Senate Majority Leader Chuck Schumer speaks with Sens. Catherine Cortez Masto and Jon Ossoff at the U.S. Capitol on Jan. 21, 2021. Ossoff is the first Millennial elected to the Senate. (Drew Angerer/Getty Images)
Senate Majority Leader Chuck Schumer speaks with Sens. Catherine Cortez Masto and Jon Ossoff at the U.S. Capitol on Jan. 21, 2021. Ossoff is the first Millennial elected to the Senate. (Drew Angerer/Getty Images)

The number of Millennials and Generation Xers in the U.S. House of Representatives rose slightly with the new 117th Congress, though less so than with the 116th. And even as these generations gain representation in both chambers, older generations still make up the majority of senators and representatives.

Which generations have the most members in Congress?

For this analysis, we obtained ages and birthdates of members of the 117th Congress from the online Biographical Directory of the United States Congress and other published sources such as The Hill’s new members guide. Historical data for the 115th and 116th Congresses came from campaign websites, candidates’ offices or from reputable published sources (most notably the series of “candidate conversations” conducted by political analysis firm Inside Elections).

Our analysis of the 117th Congress reflects the 532 voting members of Congress seated as of Feb. 8, 2021, and ages are as of that date. In the House, one Texas seat is vacant after a congressman died on Feb. 8, and one Louisiana seat is empty because the congressman-elect died before being sworn in. The last House race to be decided (New York’s 22nd Congressional District) is included here. We did not include former Louisiana Rep. Cedric Richmond, who resigned in January to join the Biden administration. Nonvoting delegates and commissioners are excluded. Biden administration nominees who were not yet confirmed at the time of writing are included in our count. Independent members of Congress are counted with the party they caucus with.

For the 116th Congress, the generational makeup of the House is calculated as shares of 432 seats because our previous analysis of this data was published on Nov. 21, 2018, when several races had yet to be called (ages were effective Jan. 3, 2019); Senate figures are based on all 100 members seated as of Jan. 3. Calculations for the 115th Congress are based on the 435 House members and 100 senators active Jan. 3, 2017, and ages are as of that date.

Republicans added more Millennials and Gen Xers (28) to the House in this election cycle than Democrats did (10), according to a Pew Research Center analysis. By comparison, in the 116th Congress, 46 of 64 new Millennial and Gen X House members were Democrats.

The latest election cycle brought the House its youngest current representative (Madison Cawthorn of North Carolina) and the Senate its first Millennial (Jon Ossoff of Georgia).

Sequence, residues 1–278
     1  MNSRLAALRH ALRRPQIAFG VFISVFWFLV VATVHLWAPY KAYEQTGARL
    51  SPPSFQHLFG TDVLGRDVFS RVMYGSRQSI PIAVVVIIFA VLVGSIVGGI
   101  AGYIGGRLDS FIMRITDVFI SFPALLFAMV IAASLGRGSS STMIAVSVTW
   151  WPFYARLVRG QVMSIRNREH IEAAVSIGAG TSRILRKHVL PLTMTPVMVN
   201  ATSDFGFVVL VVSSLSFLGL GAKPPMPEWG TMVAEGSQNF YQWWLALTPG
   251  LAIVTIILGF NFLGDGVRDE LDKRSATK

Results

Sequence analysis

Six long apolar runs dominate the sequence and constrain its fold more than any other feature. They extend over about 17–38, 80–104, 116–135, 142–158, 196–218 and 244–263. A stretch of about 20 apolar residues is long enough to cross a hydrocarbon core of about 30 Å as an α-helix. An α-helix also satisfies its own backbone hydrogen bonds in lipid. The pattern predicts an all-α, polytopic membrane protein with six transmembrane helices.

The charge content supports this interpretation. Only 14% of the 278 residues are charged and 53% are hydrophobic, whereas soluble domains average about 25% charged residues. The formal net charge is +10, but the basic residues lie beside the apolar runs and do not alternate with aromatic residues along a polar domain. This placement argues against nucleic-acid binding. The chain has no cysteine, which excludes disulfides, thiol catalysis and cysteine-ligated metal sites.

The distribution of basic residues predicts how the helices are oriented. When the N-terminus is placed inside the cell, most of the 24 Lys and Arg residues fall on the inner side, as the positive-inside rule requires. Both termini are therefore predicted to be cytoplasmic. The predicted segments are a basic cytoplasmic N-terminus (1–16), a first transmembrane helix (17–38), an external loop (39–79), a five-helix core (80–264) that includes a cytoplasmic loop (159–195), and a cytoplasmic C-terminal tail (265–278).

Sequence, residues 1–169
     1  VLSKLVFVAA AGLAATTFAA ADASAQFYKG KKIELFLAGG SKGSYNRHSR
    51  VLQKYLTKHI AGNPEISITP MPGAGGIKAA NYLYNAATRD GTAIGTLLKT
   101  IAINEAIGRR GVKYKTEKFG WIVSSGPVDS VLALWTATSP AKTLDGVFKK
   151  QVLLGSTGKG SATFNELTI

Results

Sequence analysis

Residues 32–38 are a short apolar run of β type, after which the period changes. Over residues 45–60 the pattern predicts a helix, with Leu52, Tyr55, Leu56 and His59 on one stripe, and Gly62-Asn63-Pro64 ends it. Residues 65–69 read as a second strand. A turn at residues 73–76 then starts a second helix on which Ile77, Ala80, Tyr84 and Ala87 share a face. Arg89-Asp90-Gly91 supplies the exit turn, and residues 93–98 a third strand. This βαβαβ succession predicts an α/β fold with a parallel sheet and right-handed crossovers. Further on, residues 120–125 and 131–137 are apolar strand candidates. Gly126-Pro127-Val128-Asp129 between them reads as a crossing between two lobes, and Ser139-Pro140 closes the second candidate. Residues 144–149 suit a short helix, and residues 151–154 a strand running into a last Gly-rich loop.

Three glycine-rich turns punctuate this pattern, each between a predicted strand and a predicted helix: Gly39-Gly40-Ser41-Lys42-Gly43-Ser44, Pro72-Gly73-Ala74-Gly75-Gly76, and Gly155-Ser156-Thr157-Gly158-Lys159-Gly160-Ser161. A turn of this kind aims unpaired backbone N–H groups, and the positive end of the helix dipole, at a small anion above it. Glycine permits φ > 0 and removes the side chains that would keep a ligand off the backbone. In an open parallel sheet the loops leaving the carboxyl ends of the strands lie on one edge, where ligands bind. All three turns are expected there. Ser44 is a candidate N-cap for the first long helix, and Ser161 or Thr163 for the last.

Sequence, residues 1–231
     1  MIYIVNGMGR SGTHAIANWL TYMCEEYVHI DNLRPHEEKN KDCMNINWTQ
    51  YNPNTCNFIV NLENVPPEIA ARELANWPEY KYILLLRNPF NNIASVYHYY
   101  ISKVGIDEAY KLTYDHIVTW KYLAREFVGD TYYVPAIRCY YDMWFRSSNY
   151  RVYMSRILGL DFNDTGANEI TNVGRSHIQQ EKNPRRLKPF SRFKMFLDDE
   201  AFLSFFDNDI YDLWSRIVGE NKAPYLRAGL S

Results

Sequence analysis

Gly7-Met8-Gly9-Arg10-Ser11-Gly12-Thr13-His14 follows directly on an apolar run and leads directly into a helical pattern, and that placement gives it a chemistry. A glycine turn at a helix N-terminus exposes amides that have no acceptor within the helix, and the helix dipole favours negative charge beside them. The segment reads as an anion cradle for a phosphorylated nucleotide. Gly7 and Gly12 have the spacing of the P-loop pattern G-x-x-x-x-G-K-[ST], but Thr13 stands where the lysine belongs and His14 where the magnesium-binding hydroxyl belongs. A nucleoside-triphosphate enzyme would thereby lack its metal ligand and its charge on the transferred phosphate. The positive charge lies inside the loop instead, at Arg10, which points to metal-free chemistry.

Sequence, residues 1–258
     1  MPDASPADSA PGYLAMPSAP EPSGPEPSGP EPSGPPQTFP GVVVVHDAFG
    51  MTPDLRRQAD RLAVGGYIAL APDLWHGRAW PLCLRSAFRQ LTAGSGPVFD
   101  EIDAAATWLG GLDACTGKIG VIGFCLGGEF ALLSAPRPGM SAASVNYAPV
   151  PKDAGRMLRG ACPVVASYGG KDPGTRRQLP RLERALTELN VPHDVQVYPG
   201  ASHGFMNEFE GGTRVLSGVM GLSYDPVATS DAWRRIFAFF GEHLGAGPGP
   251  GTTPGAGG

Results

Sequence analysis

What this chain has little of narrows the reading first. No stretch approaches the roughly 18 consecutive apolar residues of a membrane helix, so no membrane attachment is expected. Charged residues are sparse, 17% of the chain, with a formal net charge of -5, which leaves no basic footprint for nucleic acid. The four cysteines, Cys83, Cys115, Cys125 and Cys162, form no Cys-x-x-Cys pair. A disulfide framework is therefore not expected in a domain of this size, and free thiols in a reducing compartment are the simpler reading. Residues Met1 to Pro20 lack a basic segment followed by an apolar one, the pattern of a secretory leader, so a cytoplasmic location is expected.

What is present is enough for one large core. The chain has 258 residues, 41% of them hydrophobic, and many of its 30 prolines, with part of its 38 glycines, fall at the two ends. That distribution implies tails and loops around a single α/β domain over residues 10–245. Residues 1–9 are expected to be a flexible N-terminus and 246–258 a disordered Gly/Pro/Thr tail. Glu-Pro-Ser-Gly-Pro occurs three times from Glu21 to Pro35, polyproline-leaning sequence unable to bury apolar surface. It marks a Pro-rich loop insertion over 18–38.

In the new Congress, 31 House members are Millennials (born between 1981 and 1996), up from only five at the start of the 115th Congress in January 2017. Overall, 11 of the 61 new House members are Millennials, bringing that generation’s share of members in the chamber to 7%. Seven of those 11 new members are Republicans.

Twenty-seven of the new representatives are from Gen X (those born from 1965 to 1980), making them the highest share among the new members, and most of them (21) are Republicans. That brings Gen X’s share of the House to 33% (144 members, little changed since the last Congress).

Younger generations make up increasing share of U.S. House

Though there were only minor shifts in the age demographics from the 116th House of Representatives to the 117th, the shares of Baby Boomer (born 1946 to 1964) and Silent Generation (born 1928 to 1945) members have continued to decrease in the House since the 115th Congress.

Boomers make up 230 voting members (53%) in the House, down from 270 representatives (62%) in the 115th Congress. And the ranks of the Silent Generation continue to dwindle, from 42 (10%) at the start of the 115th Congress to 27 (6%) now.

In the Senate, Boomers remain the majority (68), and their numbers have risen slightly from the last Congress (66) and the prior one (65). The number of Silent Generation senators has fallen from 19 in 2017 to 11 now. But the number of Gen Xers has ticked up over the last few Congresses, from 16 in the 115th to 20 in the current session.

The median age of senators has risen over the last several Congresses. The median age in the current session is 64.8 years old, a slight increase from the 116th (63.6) and 115th Congresses (62.4).

Among House members, meanwhile, the median age ticked up slightly to 58.9, compared with 58 in the 116th Congress and 58.4 in the 115th. The median age of all new members is somewhat lower, at 52.1.

Incoming House freshmen bring younger median ages to the chamber

When comparing the ages of new and continuing House members, the gap is widest among Democrats, who as a whole have a median age of 60.6. The median age of the 206 Democrats who were reelected is 61.9; the 17 newly elected Democrats have a median age of 50.7. This gap is not as pronounced as in the previous Congress, when the continuing Democrats had a median age of 64.3 versus a median of 45.8 among newly elected Democrats.

The 165 Republican House members continuing into the 117th Congress have a median age of 58.7, while the 44 new GOP representatives have a median age of 53. For all Republican House members, the median age is 57.3. As with Democrats, the age gap between new and reelected GOP members is narrower than in the 116th Congress, when continuing Republicans had a median age of 58.4 and new GOP representatives had a median age of 48.9.

Carrie Blazina  is an associate digital producer at Pew Research Center.
Drew DeSilver  is a senior writer at Pew Research Center.